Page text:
SCOTUScast 7-12-16 featuring David Skeel David Skeel July 12, 2016
On June 13, 2016, the Supreme Court decided Puerto Rico v. Franklin California Tax-Free Trust (consolidated with its companion case, Acosta-Febo v. Franklin California Tax-Free Trust). Concerned that its public utilities were on the verge of insolvency but could not obtain Chapter 9 bankruptcy relief under federal law, the Commonwealth of Puerto Rico attempted to circumvent this obstacle by passing its own municipal bankruptcy law. This law, the Puerto Rico Public Corporation Debt Enforcement and Recovery Act expressly provides different protections for creditors than those in federal Chapter 9.
Investors who collectively hold nearly two billion dollars in bonds issued by one of Puerto Rico’s public utilities worried that it might seek relief under the new Puerto Rico law and sued in federal court, challenging the law’s validity and seeking injunctive relief. The district court enjoined the enforcement of the new law and the U.S. Court of Appeals for the First Circuit affirmed. Puerto Rico sought certiorari.
The question before the Supreme Court was whether Chapter 9 of the federal Bankruptcy Code preempts the Puerto Rico statute creating a mechanism for the Commonwealth’s public utilities to restructure their debts.
By a vote of 5-2, the Supreme Court affirmed the judgment of the First Circuit. Justice Thomas delivered the opinion of the Court, which held that in excluding Puerto Rico from the definition of a “state” for purposes of defining who may be a Chapter 9 debtor, Congress prevented Puerto Rico from authorizing its municipalities to seek Chapter 9 relief. But because Puerto Rico remains a “state” for other purposes of Chapter 9, the Court indicated, Chapter 9’s preemption provision still bars Puerto Rico from enacting its own municipal bankruptcy scheme to restructure the debt of its insolvent public utilities companies.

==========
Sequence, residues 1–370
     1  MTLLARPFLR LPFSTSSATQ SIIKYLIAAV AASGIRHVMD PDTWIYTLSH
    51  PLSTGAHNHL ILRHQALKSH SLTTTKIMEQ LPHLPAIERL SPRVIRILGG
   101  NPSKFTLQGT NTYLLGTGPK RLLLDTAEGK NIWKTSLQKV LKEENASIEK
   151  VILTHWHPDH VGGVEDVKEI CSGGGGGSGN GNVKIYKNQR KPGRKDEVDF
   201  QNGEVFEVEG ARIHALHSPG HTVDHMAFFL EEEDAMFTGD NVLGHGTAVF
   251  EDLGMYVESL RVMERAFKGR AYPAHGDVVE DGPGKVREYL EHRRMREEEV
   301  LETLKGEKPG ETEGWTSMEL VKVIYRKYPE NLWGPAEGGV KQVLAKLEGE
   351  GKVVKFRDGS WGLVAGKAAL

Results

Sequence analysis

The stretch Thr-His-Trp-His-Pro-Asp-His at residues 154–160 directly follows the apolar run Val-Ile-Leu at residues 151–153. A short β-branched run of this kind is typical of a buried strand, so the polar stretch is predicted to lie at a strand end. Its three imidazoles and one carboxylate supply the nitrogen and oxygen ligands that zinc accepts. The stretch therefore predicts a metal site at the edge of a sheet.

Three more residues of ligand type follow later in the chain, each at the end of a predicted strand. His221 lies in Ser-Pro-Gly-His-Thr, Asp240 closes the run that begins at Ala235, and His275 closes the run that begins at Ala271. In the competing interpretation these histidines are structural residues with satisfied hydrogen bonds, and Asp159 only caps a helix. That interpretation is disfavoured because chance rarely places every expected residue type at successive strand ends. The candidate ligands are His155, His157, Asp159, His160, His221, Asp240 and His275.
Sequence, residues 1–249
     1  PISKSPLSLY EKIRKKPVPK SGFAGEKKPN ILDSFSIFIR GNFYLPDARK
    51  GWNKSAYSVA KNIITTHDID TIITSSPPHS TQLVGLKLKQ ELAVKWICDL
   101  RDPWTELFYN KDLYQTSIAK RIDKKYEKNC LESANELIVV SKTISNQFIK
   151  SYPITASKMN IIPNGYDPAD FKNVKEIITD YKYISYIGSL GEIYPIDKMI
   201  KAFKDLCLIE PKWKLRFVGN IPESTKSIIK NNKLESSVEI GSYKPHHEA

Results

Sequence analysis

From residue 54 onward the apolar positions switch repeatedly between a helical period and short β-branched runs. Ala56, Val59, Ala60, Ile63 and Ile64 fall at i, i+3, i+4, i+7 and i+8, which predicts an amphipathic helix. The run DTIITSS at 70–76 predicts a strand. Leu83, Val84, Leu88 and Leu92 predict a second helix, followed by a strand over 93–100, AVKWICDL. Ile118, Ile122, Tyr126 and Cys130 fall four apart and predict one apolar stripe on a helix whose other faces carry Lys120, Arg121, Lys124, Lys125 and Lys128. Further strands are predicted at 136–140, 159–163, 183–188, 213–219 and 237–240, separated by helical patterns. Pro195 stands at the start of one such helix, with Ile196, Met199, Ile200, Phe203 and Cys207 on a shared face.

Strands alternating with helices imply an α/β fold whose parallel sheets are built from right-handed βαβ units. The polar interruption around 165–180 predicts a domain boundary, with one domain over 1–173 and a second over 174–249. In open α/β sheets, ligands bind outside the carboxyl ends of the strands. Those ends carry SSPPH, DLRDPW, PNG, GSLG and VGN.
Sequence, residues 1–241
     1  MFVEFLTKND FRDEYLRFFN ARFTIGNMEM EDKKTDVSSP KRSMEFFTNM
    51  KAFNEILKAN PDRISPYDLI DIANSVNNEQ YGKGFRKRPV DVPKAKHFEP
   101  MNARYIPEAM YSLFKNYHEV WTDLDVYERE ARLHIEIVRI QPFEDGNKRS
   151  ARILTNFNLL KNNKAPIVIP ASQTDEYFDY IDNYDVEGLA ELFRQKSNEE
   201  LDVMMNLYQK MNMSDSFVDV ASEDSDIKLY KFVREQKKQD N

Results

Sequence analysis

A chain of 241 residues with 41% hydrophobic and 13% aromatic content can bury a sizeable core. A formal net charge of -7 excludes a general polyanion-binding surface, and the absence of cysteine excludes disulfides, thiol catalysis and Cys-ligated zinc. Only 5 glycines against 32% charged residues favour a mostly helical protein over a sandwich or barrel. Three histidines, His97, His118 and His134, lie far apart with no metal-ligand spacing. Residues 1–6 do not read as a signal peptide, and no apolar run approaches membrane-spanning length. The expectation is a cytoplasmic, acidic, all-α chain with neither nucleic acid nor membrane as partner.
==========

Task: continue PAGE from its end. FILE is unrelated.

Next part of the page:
Justice Thomas’s majority opinion was joined by the Chief Justice and Justices Kennedy, Breyer, and Kagan. Justice Sotomayor filed a dissenting opinion, which was joined by Justice Ginsburg. Justice Alito took no part in the consideration or decision of the cases.
To discuss the case, we have David Skeel, who is the S. Samuel Arsht Professor of Corporate Law at the University of Pennsylvania Law School, and who submitted an amicus brief in support of the Commonwealth of Puerto Rico. Corporations, Securities & Antitrust Practice Group Podcast
On June 13 the United States Supreme Court issued its opinion in Puerto Rico v. Franklin California Tax-Free Trust, finding that Chapter 9 of the federal Bankruptcy code preempts Puerto Rico’s Recovery Act. The decision prevents Puerto Rico from adopting a settlement plan for its debt through its own legislation and requires it to depend on Congress for a solution. Our experts discussed the opinion and its implications.
SCOTUScast 6-2-16 featuring Zvi Rosen
- Prof. G. Marcus Cole, William F. Baxter-Visa International Professor of Law, Stanford Law School
- Prof. David Skeel, S. Samuel Arsht Professor of Corporate Law, University of Pennsylvania Law School